ChIP-PCR analysis

The purified immunoprecipitated DNA was subjected to PCR analysis to identify the degree of histone H3K27ac-binding within eSR-A, eSR-B and eALDI. DNA extracted from chromatin fractions prior to immunoprecipitation (i.e. input DNA) was included in the ChIP analysis. Primers were designed using Primer-BLAST to amplify ~150 bp products49 (Supplementary Table 3). Exon 1 of the GAPDH gene was used as a positive control (primers from Abcam plc, Cambridge, UK), as it has high levels of histone modifications associated with active gene transcription and low levels of histone modifications associated with gene silencing. A negative control for the PCR reactions with no template added was also included. PCR products were electrophoresed on a 2% agarose gel and imaged using a Gel Doc XR+ System (Bio-Rad Laboratories, Inc., Hercules, CA, USA).

Data availability

CGH-array patient data have been submitted to NCIB ClinVar. Patient 1 accession SCV000845738, Patient 2 accession SCV000845739. All unique materials and data are readily available from the authors. The source data underlying Figs. 1d–f, 2e–g, 3b–f, 4a, b and Supplementary Figures 2, 3, 5, 6, 7 and 8 are provided as a Source Data file.

Additional information

Publisher’s note: Springer Nature remains neutral with regard to jurisdictional claims in published maps and institutional affiliations.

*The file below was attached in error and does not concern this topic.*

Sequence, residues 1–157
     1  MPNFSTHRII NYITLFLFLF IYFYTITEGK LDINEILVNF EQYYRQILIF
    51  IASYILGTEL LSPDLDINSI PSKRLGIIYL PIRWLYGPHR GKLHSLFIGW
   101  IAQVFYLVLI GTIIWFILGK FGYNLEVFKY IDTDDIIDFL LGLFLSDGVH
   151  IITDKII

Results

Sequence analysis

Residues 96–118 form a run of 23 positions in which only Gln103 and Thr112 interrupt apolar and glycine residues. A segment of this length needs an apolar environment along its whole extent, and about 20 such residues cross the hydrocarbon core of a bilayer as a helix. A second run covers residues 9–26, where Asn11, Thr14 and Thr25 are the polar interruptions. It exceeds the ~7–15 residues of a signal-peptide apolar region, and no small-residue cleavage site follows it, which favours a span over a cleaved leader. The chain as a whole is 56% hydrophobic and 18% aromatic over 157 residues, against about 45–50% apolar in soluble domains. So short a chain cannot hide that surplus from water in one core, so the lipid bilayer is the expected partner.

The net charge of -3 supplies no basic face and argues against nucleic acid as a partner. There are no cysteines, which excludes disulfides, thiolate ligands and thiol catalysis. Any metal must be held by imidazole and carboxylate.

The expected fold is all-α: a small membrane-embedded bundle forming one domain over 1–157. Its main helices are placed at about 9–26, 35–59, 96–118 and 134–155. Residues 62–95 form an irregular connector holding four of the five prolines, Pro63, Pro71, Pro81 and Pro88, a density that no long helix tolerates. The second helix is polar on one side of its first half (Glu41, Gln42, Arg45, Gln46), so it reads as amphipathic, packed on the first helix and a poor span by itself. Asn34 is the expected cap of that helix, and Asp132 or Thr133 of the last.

References

  1. 1.

    Sinclair, A. H. et al. A gene from the human sex-determining region encodes a protein with homology to a conserved DNA-binding motif. Nature 346, 240–244 (1990).

  2. 2.

    Koopman, P. et al. Male development of chromosomally female mice transgenic for Sry. Nature 351, 117–121 (1991).

  3. 3.

    Jeske, Y. W., Bowles, J., Greenfield, A. & Koopman, P. Expression of a linear Sry transcript in the mouse genital ridge. Nat. Genet. 10, 480–482 (1995).

  4. 4.

    Koopman, P. et al. Expression of a candidate sex-determining gene during mouse testis differentiation. Nature 348, 450–452 (1990).

  5. 5.

    Hacker, A., Capel, B., Goodfellow, P. & Lovell-Badge, R. Expression of Sry, the mouse sex determining gene. Development 121, 1603–1614 (1995).

  6. 6.

    Hanley, N. A. et al. SRY, SOX9, and DAX1 expression patterns during human sex determination and gonadal development. Mech. Dev. 91, 403–407 (2000).

  7. 7.

    Morais da Silva, S. et al. Sox9 expression during gonadal development implies a conserved role for the gene in testis differentiation in mammals and birds. Nat. Genet. 14, 62–68 (1996).

  8. 8.

    Vidal, V., Chaboissier, M.-C., de Rooij, D. G. & Schedl, A. Sox9 induces testis development in XX transgenic mice. Nat. Genet. 28, 216–217 (2001).

  9. 9.

    Bishop, C. E. et al. A transgenic insertion upstream of sox9 is associated with dominant XX sex reversal in the mouse. Nat. Genet. 26, 490–494 (2000).

  10. 10.

    Symon, A. & Harley, V. SOX9; A genomic view of tissue specific expression and action. Int. J. Biochem. Cell. Biol. 87, 18–22 (2017).

  11. 11.

    Sekido, R. & Lovell-Badge, R. Sex determination involves synergistic action of SRY and SF1 on a specific Sox9 enhancer. Nature 453, 930–934 (2008).

  12. 12.

    Gonen, N. et al. Normal levels of Sox9 expression in the developing mouse testis depend on the TES/TESCO enhancer, but this does not act alone. PLoS Genet. 13, e1006520 (2017).

  13. 13.

    Gonen, N. et al. Sex reversal following deletion of a single distal enhancer of Sox9. Science 360, 1469–1473 (2018).

  14. 14.

    Croft, B., Ohnesorg, T. & Sinclair, A. H. The role of copy number variants in disorders of sex development. Sex. Dev. 12, 19–29 (2018).

  15. 15.

    Georg, I. et al. Mutations of the SRY-responsive enhancer of SOX9 are uncommon in XY gonadal dysgenesis. Sex. Dev. 4, 321–325 (2010).